Tristan Dunn

Deploy Rails with Dokku

Deploying a Rails application to DigitalOcean.

When Heroku first announced the end of free plans I knew I’d need to figure out where to move any projects soon, since spending $16-31 per side-project would be rough. They have since announced low-cost plans, but that would still run $13-19 per project. Comparing the prices to DigitalOcean, you can get two to three Droplets with 1GB of memory each for the same price. Moving on from Heroku was an easy decision based on pricing alone, even if I have been using it nearly as long as I’ve been a Rails developer.

The next step was deciding how to manage the infrastructure and deploy applications. And while solutions like Kubernetes, Terraform, and the like are the go-to for a lot of people, it seemed like a lot to learn and manage for personal projects.

Instead I explored Platform-as-a-Service, or PaaS, options to keep a similar feel to Heroku. I chose Dokku in the end because it’s been around a while, it’s marketed as a mini-Heroku, and it satisfies all the requirements for applications I run. The one pitfall is it’s not built for running separate servers in a cluster, but I’ll cross that path if I ever have the need. Although, you can run the database services on separate services if needed, which should provide plenty of scaling capabilities.

Installing Dokku

First we need to create a Droplet on DigitalOcean. I’m using Ubuntu 22.04 and Dokku recommends at least 1GB of memory. Once the Droplet is live you should be able to SSH in to get started installing Dokku.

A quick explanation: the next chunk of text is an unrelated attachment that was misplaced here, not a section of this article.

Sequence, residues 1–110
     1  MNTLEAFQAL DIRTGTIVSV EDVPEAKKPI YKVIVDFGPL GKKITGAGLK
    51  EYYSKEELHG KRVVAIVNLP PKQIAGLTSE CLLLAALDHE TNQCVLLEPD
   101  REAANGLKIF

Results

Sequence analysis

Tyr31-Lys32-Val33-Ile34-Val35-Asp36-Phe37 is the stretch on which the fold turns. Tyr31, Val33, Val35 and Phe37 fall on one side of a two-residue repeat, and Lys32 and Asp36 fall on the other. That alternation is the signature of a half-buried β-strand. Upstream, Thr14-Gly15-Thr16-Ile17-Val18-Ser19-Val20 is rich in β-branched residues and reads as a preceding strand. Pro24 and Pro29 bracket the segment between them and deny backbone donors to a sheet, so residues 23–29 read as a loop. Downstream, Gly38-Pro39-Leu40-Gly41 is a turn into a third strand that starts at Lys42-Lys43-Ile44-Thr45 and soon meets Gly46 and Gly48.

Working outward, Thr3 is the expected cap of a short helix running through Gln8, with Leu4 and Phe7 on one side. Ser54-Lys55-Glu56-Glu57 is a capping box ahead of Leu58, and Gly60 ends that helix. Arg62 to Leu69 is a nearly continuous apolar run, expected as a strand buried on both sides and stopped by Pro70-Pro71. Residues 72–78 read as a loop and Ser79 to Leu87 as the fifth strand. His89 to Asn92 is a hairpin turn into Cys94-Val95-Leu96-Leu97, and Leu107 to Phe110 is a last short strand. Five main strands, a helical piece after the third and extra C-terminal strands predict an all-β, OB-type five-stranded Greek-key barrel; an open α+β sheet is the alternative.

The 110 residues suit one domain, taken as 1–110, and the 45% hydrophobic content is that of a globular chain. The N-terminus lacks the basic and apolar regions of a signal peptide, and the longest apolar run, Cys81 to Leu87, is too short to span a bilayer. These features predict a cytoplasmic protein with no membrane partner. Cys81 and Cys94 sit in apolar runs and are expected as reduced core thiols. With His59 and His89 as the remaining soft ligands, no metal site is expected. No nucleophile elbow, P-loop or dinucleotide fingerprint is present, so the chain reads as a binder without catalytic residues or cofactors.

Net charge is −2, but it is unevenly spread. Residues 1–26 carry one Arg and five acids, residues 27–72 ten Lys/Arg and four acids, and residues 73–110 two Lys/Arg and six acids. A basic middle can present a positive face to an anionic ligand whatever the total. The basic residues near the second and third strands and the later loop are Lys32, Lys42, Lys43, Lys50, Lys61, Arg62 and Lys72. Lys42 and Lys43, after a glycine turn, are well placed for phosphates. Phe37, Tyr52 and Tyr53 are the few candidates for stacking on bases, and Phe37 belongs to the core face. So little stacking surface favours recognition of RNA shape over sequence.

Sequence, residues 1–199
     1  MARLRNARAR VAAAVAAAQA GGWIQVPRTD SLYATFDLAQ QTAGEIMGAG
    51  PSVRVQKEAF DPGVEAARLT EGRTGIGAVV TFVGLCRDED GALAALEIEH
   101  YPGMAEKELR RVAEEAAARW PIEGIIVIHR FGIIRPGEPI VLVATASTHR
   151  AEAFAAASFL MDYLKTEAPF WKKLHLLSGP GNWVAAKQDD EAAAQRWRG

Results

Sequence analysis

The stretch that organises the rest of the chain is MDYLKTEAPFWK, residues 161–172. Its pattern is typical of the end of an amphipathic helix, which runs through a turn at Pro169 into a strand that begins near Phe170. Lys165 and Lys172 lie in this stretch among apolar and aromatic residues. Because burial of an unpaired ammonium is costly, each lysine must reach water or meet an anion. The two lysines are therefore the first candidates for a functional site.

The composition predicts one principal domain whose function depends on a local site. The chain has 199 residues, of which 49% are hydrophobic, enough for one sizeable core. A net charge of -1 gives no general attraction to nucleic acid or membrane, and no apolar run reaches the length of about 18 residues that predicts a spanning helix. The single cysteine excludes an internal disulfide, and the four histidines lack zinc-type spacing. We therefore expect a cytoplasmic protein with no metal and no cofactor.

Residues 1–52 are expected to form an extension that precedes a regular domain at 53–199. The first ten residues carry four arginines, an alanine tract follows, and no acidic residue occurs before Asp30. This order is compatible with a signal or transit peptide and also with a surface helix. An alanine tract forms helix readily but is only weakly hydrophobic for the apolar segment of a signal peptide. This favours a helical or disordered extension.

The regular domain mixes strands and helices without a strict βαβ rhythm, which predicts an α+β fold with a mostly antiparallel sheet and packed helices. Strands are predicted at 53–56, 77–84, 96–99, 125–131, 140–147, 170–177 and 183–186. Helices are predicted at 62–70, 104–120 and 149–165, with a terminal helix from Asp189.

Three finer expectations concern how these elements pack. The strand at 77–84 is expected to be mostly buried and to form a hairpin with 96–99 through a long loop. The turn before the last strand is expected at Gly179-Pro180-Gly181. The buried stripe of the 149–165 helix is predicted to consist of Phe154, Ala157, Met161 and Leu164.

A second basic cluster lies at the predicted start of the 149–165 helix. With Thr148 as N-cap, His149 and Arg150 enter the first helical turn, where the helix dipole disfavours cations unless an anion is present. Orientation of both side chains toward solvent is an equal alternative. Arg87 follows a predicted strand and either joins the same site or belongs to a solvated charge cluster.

Note: Even with 1GB of memory, I’d still recommend creating a swap file since I ran into build issues with Bundler due to limited free memory with the services running.


Install Dokku on the Droplet by following the official installation instructions, which will take around 5-10 minutes to complete.

sudo DOKKU_TAG=v0.33.3 bash

After the installation completes you can copy your local SSH key to add it as an administrator in Dokku.

cat ~/.ssh/

Add your SSH key as an administrator to Dokku on the server.

echo "ssh-rsa ...key..." | dokku ssh-keys:add admin

Creating an Application

For the rest of this article I’m going to be setting up an instance of Miroha, a personal project of mine and the first project I migrated to use Dokku. If you’re setting up a project of your own, be sure to update the naming for each command.

First on the server we’ll create the application.

dokku apps:create miroha

And while we’re still on the server via SSH, we can install the plug-ins we’re going to use since they have to run with sudo.

sudo dokku plugin:install letsencrypt
sudo dokku plugin:install postgres
sudo dokku plugin:install redis

We shouldn’t need to SSH into the server anymore, so to continue the setup we’re going to install the official client. It’s a convenience wrapper around running remote commands with SSH, which may be your solution if you’re not on macOS.

brew install dokku/repo/dokku

By default the client looks for a dokku remote in the Git repository, so we can add that next. You can customize the name via DOKKU_GIT_REMOTE which can be helpful if you are running more than one instance, such as staging and production. See brew info dokku for all the options.

git remote add dokku dokku@DROPLET_IP_ADDRESS:miroha

We can verify our local configuration and the application remotely by retrieving a report for the application. The information may look different compared to the example below, but you are good to go as long as it succeeds.

$ dokku apps:report
=====> miroha app information
App created at: 1665860238
App deploy source: miroha
App deploy source metadata: miroha
App dir: /home/dokku/miroha
App locked: false

Creating the Databases

We already added the PostgreSQL and Redis plug-ins on the server, so it’s one command to create the database and one to link it to the application. To see all of the commands for each plug-in you can run dokku postgres or dokku redis.

dokku postgres:create miroha_database
dokku postgres:link miroha_database miroha
dokku redis:create miroha_redis
dokku redis:link miroha_redis miroha